Question: I enjoyed your Frank Answer About Yoga for Men. You mentioned men’s naked yoga classes, but apart from an opportunity for social nudity all the other benefits you mentioned, like greater freedom in movement and flexibility, could be received by leaving one’s pants on. I know that naked yoga classes have been springing up. Is this just a fad or a solid development? Does it primarily appeal to gays? And sorry for asking, but what happens if you take your pants off for class and get a boner?
Answer: In answering these questions I will first survey the kinds of naked yoga classes that have been “springing up” recently, then look at yoga’s historical tradition of nakedness, then try to reconstruct the emergence of naked yoga in the West in the 20th and early 21st centuries, and finally address the questions of the relationship of gay men to naked yoga and male anxieties about getting an erection in a group situation.
First, it is evident that naked yoga classes are “springing up” in cities across the U.S., Canada, Western Europe, and down under in Sydney and Brisbane, Australia and Auckland, NZ. Compared to the sheer number of clothing-required yoga studios, it is a small “underground” movement. I say “underground” because admittance to naked yoga classes is cautiously regulated to keep out voyeurs. I will provide here a sampling of the kind of naked yoga classes that have emerged in recent years.
The photo I placed above this post is of Dan Carter leading a men’s naked yoga class in Washington, D.C. What started out for him with a few naked yogis just a few years ago has expanded into “Danimal.” He has several classes each week with 25 men in each one.
Danimal’s classes are primarily attended by gays and bi-sexuals, although I don’t think he would prohibit straight men who wanted to try naked yoga from coming to his classes. Naked yoga classes usually advertise that all bodies of any age, shape, or sexual orientation are welcome and that the practice is non-judgmental. Nevertheless, at the end I will say something about the relationship between gay men and the male body as it impacts naked yoga.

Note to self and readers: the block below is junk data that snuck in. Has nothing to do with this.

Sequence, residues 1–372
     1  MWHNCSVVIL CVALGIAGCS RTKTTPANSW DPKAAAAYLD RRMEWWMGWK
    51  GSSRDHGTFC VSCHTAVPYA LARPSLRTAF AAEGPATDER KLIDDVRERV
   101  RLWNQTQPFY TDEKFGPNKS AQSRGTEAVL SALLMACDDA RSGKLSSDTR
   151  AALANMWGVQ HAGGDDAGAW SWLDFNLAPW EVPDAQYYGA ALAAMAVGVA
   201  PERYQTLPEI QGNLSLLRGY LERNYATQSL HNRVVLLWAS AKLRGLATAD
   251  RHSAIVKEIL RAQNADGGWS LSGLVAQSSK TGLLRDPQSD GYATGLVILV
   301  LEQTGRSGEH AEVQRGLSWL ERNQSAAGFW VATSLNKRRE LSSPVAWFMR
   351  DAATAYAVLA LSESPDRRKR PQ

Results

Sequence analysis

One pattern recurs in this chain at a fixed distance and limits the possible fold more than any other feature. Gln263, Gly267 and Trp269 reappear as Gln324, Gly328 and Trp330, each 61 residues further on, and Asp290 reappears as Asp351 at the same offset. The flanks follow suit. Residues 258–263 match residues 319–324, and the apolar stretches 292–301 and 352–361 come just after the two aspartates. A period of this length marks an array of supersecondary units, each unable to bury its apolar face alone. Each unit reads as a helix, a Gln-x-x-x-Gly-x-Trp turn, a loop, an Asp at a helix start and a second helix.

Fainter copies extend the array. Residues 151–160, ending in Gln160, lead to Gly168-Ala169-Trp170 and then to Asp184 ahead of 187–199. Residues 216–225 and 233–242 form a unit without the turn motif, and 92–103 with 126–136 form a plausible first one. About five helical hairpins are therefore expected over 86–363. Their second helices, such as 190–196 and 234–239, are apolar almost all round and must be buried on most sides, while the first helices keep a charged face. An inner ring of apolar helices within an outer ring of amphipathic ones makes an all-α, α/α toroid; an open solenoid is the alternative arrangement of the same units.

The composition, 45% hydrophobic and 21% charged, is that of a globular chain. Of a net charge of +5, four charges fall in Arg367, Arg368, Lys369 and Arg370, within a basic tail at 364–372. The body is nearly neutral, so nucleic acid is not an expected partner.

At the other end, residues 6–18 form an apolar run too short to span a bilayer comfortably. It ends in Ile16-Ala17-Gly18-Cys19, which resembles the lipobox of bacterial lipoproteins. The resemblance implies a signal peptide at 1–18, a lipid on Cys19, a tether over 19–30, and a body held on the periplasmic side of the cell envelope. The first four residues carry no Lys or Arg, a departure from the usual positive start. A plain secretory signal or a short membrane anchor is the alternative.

While most naked yoga classes are for men, some women’s classes have found willing students. The class pictured below has recently started in Brisbane, Australia. Called FEMPOWERMENT, it is a women’s only naked yoga class begun by Jessa O’Brien.
There is also a new mixed sex naked yoga group in New York and Boston called Naked in Motion taught by Willow Merveille and others, which emphasizes accepting one’s body as it is without shame or self-criticism. Women and trans persons are given the option to wear bottoms in the interests of menstrual positivity and equity.
One other sample I will mention is the Austin Men’s Naked Yoga group.
This group has been around for a while and has become known for their annual outdoor yoga camp in which outdoor physical activities are combined with yoga practice. This kind of camping experience attracts those who are into naturism. Similar outdoor retreats are offered by other men’s naked yoga groups.
So here are four reasons naked yoga groups get started. They give gay men a chance to meet one another in a non-sexual context. Women’s classes can be about women’s empowerment. All naked yoga classes are about developing a positive attitude toward one’s body. And a lot of naturists or nudists enjoy opportunities for nude activities. But these groups are taping into a long tradition in the history of yoga that offer a spiritual reason for nakedness. For that history we go back to ancient India